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Sudan’s Humanitarian Crisis Worsens as Aid Organizations Are Forced to Evacuate

Escalating conflict in Sudan is quickly contributing to a worsening humanitarian crisis. Since violence erupted in the country on April 15th, several international aid organizations were forced to suspend operations and evacuate the region.

The World Food Programme, one of the largest food distribution operations in the world, suspended its operations following the death of two employees. Relief International withdrew from the region after the death of their finance officer during clashes in El Fasher. And the International Rescue Committee recently announced that it has suspended most of its operations in Sudan following the fighting.

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Much of the fighting is occurring in Khartoum, as the Rapid Support Forces continue to resist incorporation into the Sudanese army. The power struggle turned violent earlier this month, postponing all hopes for elections and political transition to civilian rule.

Read More: Everything to Know About the Deadly Power Struggle in Sudan

The withdrawals of humanitarian aid organizations will lead to casualties extending far beyond warfare. U.N. agencies say a third of Sudan’s 46 million people relied on international aid before the conflict erupted, and the evacuation of aid organizations is set to have dire consequences when it comes to access to basic necessities.

“Casualties are likely to compound,” says Chidi Odinkalu, a professor at Tufts focusing on International Human Rights Law. Official death toll tops 400, but Odinkalu says the number is likely far higher.

“No one can ever do a good job of counting the human toll in these situations,” says Odinkalu. “All indications are that it’s a lot more than international numbers.”

‘A dire situation’

Sudan was facing multiple crises even before the onslaught of violence, as flooding and drought due to climate change led to rising inflation and widespread food insecurity.

Most recent data from the World Bank placed the country’s inflation rate for 2021 at 382.8%. 15 million people in Sudan were facing food insecurity, the United Nations World Food Programme (WFP) estimated; a quarter of those in need of life-saving nutrition services were children under 5 and pregnant and lactating women. And a dengue fever outbreak erupted earlier this year, after a lack of disease surveillance infrastructure and heavy flooding last fall resulted in pools of mosquito-breeding stagnant water.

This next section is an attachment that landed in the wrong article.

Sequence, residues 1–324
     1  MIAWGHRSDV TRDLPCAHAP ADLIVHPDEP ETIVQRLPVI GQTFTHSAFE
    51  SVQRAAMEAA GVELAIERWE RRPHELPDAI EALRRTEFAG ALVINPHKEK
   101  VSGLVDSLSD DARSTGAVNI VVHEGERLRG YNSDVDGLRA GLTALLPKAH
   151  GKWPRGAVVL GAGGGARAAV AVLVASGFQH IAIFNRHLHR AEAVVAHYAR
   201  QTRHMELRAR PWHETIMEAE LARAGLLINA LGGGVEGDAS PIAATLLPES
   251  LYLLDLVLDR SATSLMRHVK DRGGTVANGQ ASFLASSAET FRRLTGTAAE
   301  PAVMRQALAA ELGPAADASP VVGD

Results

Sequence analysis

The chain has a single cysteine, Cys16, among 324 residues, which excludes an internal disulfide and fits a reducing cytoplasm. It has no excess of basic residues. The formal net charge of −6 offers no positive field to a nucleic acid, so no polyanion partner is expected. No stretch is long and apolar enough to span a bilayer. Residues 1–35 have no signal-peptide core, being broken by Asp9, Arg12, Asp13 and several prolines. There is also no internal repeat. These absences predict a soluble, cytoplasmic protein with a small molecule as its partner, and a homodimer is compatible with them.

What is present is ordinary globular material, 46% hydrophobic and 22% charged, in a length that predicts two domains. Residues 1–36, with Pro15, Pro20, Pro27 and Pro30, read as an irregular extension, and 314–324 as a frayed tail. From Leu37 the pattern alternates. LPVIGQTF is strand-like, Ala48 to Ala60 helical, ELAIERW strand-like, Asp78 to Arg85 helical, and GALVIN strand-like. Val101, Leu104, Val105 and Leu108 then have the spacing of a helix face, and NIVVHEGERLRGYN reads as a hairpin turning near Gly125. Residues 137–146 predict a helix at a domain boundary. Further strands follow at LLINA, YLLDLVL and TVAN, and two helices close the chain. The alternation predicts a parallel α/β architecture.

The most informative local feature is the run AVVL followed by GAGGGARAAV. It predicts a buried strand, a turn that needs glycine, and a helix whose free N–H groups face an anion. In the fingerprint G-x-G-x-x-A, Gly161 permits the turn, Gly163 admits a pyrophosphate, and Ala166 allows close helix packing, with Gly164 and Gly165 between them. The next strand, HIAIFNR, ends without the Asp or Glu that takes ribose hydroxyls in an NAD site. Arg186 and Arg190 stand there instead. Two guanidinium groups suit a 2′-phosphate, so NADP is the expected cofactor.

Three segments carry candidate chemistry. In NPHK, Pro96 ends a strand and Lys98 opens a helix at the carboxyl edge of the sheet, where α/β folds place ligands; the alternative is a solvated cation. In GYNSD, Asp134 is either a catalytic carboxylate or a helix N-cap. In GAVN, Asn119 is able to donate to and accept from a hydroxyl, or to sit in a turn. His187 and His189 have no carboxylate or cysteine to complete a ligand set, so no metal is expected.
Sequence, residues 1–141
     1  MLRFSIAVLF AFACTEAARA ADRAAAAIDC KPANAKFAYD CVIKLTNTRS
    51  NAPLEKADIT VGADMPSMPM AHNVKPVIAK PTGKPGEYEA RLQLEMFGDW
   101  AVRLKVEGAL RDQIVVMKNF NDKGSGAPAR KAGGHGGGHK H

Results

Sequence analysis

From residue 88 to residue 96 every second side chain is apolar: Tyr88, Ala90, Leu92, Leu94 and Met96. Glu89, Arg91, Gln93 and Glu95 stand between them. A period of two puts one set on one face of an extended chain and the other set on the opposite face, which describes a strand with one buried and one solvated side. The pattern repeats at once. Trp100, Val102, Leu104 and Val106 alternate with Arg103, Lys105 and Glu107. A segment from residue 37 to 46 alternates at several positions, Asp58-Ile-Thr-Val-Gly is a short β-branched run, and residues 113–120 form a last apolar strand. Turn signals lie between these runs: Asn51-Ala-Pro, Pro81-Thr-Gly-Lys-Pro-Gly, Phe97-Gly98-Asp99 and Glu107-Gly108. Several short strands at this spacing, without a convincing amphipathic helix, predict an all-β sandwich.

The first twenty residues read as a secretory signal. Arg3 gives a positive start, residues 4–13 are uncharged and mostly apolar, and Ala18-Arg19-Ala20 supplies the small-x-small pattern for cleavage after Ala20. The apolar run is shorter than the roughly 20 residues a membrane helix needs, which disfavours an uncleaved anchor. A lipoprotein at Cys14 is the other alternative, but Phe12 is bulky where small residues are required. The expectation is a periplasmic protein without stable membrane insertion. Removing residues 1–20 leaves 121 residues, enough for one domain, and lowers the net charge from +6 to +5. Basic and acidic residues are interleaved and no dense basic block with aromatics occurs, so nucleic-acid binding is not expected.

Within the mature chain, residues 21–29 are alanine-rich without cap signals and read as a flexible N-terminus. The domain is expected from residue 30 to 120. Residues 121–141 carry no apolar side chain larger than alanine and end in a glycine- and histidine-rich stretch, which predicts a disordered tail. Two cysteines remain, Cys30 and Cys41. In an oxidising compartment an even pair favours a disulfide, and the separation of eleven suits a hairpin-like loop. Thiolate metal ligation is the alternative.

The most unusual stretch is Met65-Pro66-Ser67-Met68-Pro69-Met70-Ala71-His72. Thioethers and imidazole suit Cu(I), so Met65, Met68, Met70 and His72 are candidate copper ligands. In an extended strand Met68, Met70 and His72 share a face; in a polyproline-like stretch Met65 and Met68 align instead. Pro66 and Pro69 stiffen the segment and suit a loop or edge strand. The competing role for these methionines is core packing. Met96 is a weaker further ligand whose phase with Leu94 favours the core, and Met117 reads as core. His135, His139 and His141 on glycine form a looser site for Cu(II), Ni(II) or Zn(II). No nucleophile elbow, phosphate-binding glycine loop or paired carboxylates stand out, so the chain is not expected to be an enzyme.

Now, the clashes have severely impacted civilian life in the country, as public services and infrastructure in the region have all but collapsed.

“There’s no water, no electricity, no gasoline,” says Odinkalu. “The most expensive thing in Khartoum right now is petrol. People are trying to ration and find petrol by any means so they can escape.”

Airports have shut down, closing off supply chains for humanitarian aid. “Within Khartoum, and within Sudan itself is quite a dire situation.” says Madiha Raza, Global Communications Officer for the International Rescue Committee, one of the organizations that was forced to shut down. “There was already an acute shortage of food, water, and access to health care. Now as a result of the conflict and shortages, the prices of very basic necessities are going up.”

The IRC provided access to basic human necessities like health services and clean water across the country, but Raza says the organization has suspended almost all operations in the country, save for two states: Gadaref and Blue Nile.

“This will almost definitely lead to a further loss of life than we’re seeing,” says Raza.

For those that remain in the region, public health crises will continue to compound until aid workers are allowed back in the region. “Health facilities have been damaged, as well as things like water pipes, which means that people are drinking out of the Nile, which is very unsanitary and could lead to a massive public health crisis.” says Raza.

AFP—Getty ImagesPeople flee their neighborhoods amid fighting between the army and paramilitaries in Khartoum on April 19, 2023, following the collapse of a 24-hour truce.

Spillover in Chad and South Sudan

The IRC is focusing its efforts on neighboring countries, which have seen a surge of refugees as residents of Sudan flee. Raza says that over 20,000 people have crossed into Adre, Chad in recent days, overextending the country’s resources.

“Chad, before this crisis, was already a low-income country stretched quite a lot when it comes to humanitarian need,” says Raza. “It’s important to provide economic support to help deal with the refugee influx.”

Read More: Special Forces Swiftly Evacuate U.S. Embassy Staff From Sudan

Officials in South Sudan—where the U.N. estimates about 75% of the population is already in need of humanitarian aid—say upwards of 10,000 refugees have arrived from Sudan in the past few days.

Attempts at ceasefires have not held, making safe passage for aid workers and supplies difficult. Long-term, Raza says that the safe operations of humanitarian work is essential to keep the country from slipping into further turmoil.

“We need to look at how we can prevent the slide from a fragile state to a failed state,” she says. “It’s critical to ensure that wherever possible public services remain up and running in the country. With the government’s instability, that means allowing aid organizations safe access to communities that need help.”

The request is a far cry from the current reality, in which relentless fighting has left everyone from aid workers to diplomats to average citizens looking to evacuate, and few resources for those left behind.

“The issue that we’re facing is that right now, no one is safe,” says Raza.